Easter Sunday this year brought a horrific terrorist attack in Pakistan: A suicide bomber in the city of Lahore killed at least 70 people, many of them children. This is sadly typical of how insurgency is waged today, with no respect for human life. How different things were 100 years ago, when during Easter week 1916 some 1,500 Irish Volunteers tried to drive the British out of Ireland by seizing power in Dublin.
The Easter Rising was swiftly defeated by the British army with the “Shinners” (as Irish nationalist were called, after the Sinn Fein political party) being routed out of their redoubt in the ornate General Post Office Building. Sixteen leaders of the rebellion were executed and more than 500 people killed during the fighting, many of them civilians. More than 1,500 rank and file Irish Volunteers were sent to British internment camps that were later dubbed “the nursery of the IRA.” Many of the men who emerged from these prisons — among them Michael Collins, the de facto commander-in-chief of the Irish struggle for independence — went on to launch a fresh revolt against British rule in 1919 that was not so easily put down.
The Irish War of Independence had more than its share of savagery, at least by more genteel contemporary standards. The most notorious day of the entire conflict occurred on Nov. 21, 1920. “Bloody Sunday” began with gangs of IRA gunmen hitting rooming houses across the capital to assassinate British officers and intelligence operatives who had been brought in to break up their networks. Fourteen men were killed that morning, including two Irish police officers who stumbled across the hit squads. In apparent retaliation, a force of British paramilitaries — the “Auxies” (Auxiliaries) made of up former British army officers and the “Black and Tans” made up of British recruits for the Irish Constabulary — entered a Gaelic football match at Dublin’s Croke Park and opened fire, killing 12 civilians and wounding 60.
The shedding of blood on both sides was deeply disturbing to British public opinion at the time. It is a sad reflection of our more barbaric times that the deaths of 12 civilians in another country hardly qualifies as big news anymore.
I don’t mean to romanticize the Irish War of Independence, which in many ways was as nasty as guerrilla wars always are. It resulted in the death or wounding of 4,000 people, including nearly 1,000 British soldiers and police; many of the other victims were innocent civilians. Yet both sides showed restraint, which is seldom seen today. British Prime Minister David Lloyd George would not bomb Irish villages, torture captured terrorists or send civilians to concentration camps. In turn Michael Collins, “the Big Fella,” turned down schemes to truck bomb the House of Commons or shoot members of the British Cabinet.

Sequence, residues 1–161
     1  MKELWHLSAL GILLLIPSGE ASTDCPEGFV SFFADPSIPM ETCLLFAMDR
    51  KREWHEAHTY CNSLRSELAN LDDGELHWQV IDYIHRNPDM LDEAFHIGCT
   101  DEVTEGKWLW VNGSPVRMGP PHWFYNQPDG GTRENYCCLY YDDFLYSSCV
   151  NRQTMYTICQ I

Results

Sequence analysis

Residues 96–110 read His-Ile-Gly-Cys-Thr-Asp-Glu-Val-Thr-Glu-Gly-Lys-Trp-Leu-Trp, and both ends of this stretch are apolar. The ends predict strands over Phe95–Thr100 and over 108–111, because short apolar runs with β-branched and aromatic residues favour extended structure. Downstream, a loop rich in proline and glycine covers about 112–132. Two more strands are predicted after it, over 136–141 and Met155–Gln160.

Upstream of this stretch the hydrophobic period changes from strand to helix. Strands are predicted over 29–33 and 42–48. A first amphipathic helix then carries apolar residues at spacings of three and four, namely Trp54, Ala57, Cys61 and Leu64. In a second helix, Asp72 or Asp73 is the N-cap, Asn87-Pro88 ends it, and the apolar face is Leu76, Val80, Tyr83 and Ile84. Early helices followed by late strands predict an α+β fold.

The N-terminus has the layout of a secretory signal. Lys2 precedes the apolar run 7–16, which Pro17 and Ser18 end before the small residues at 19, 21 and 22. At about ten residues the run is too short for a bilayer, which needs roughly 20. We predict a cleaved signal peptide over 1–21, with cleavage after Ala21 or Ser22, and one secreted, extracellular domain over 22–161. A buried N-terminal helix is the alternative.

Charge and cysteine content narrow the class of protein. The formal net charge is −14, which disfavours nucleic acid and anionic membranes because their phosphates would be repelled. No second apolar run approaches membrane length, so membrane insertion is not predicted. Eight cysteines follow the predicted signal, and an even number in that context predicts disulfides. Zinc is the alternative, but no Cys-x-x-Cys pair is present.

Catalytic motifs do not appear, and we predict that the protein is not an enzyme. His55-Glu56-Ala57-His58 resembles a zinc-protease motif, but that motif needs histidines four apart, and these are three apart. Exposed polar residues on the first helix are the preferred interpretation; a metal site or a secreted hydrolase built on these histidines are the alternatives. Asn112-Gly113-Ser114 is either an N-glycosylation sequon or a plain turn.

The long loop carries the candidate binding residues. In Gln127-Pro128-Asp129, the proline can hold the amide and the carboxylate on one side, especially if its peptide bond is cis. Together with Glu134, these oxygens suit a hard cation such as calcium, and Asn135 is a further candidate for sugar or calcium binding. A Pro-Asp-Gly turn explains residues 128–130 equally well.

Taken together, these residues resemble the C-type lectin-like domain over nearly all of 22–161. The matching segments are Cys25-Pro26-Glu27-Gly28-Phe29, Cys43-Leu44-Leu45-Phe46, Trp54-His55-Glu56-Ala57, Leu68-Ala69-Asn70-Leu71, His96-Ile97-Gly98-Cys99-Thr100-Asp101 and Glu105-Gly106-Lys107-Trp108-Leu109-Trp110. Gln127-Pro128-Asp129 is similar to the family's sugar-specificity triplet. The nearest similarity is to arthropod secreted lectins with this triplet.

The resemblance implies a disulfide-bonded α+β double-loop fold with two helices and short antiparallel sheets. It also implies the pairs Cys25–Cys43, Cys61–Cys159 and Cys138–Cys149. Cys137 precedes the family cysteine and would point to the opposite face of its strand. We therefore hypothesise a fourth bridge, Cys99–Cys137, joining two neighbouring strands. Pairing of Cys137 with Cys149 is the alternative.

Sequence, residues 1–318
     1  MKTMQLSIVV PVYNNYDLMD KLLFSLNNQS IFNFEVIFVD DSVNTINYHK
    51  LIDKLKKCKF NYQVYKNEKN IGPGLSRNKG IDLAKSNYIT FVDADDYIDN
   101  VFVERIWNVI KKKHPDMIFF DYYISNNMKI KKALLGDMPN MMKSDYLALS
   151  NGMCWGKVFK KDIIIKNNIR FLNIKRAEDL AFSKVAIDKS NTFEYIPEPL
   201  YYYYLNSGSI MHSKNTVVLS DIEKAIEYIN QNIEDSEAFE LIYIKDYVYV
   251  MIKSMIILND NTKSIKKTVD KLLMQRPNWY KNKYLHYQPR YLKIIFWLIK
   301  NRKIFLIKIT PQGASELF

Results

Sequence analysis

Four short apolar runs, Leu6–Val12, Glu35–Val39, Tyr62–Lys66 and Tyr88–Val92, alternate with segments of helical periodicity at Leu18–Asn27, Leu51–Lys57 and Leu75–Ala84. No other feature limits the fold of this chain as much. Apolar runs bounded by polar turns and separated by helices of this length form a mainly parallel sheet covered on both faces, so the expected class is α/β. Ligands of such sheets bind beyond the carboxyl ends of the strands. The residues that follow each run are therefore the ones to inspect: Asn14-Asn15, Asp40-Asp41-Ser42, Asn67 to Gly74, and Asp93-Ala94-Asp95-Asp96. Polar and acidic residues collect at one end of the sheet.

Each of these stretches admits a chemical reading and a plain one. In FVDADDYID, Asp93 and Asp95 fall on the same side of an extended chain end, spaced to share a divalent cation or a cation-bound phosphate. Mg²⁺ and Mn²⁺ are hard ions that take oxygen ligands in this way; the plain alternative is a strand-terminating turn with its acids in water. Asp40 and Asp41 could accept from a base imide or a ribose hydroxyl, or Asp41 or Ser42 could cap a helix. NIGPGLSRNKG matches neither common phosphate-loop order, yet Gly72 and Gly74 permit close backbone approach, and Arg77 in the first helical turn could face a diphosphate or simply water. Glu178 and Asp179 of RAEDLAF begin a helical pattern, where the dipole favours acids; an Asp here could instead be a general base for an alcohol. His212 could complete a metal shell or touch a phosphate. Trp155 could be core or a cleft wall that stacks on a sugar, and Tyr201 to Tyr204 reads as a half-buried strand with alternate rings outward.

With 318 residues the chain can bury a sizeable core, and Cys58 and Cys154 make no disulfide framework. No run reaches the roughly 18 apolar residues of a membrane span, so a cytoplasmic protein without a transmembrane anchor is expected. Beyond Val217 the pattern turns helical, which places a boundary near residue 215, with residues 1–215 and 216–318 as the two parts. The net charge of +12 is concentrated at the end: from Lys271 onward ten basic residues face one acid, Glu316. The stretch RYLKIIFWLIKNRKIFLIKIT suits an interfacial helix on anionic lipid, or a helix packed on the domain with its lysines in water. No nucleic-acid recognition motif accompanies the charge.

And, in the end, “Mick” Collins was willing to accept a compromise solution to end the bloodshed altogether: Under a treaty signed on December 6, 1921, he and the other Irish representatives agreed to form the Irish Free State out of the 26 southern counties while agreeing that the six counties of Northern Ireland, with a large Protestant population, would remain part of the United Kingdom. That arrangement was too much of a compromise for some of the IRA die-hards who launched a war to overturn the treaty. Michael Collins lost his life in that conflict, but his side won the war, and Northern Ireland remains part of the UK to this day.
It is hard to imagine today’s terrorists and guerrillas — groups such as ISIS, al-Qaeda, and the Pakistani Taliban, which carried out Sunday’s bombing in Lahore — accepting such a negotiated solution. Some might say this is because today’s most notorious terrorists are Muslims, whereas Collins and his cohorts were predominantly Catholics. But in centuries past, Catholics and Protestants could fight one another with near-genocidal violence; think of the Thirty Years War (1618-1648), which killed a substantial part of the German population. By the 20th century, religious passions had cooled. Collins and his fellow “Shinners” were motivated by nationalism, not religious fanaticism, and their goal was to create a liberal democracy, not a theocratic dictatorship.
In the process, Collins and his fellow IRA members proved that relative restraint could actually be a powerful weapon against a liberal democracy such as the United Kingdom. Setting an example that would be emulated by numerous anti-colonial activists in years to come, they shamed the British into granting most of their demands and were careful not to go so far that they would simply cause the authorities to become more intransigent.
By contrast, on many of today’s insurgent battlefields — in places like Pakistan and even more so in Syria — the government acts in such brutal ways that it encourages a brutal style of warfare by the rebels. Torture and the killing of civilians by both sides are commonplace. Both sides, in effect, act in such a way as to rule out the kind of compromise that brought the Irish War of Independence and many other guerrilla conflicts to a conclusion.
The experience of the Irish republicans, who were once as synonymous with terrorism as Muslim extremists have become, shows that there is an alternative to endless and ruthless low-intensity warfare. It is a tragedy that this is a lesson that is certain to be ignored by all sides in the internecine wars that are tearing the Muslim world apart and claiming collateral casualties as far away as Lahore and Brussels.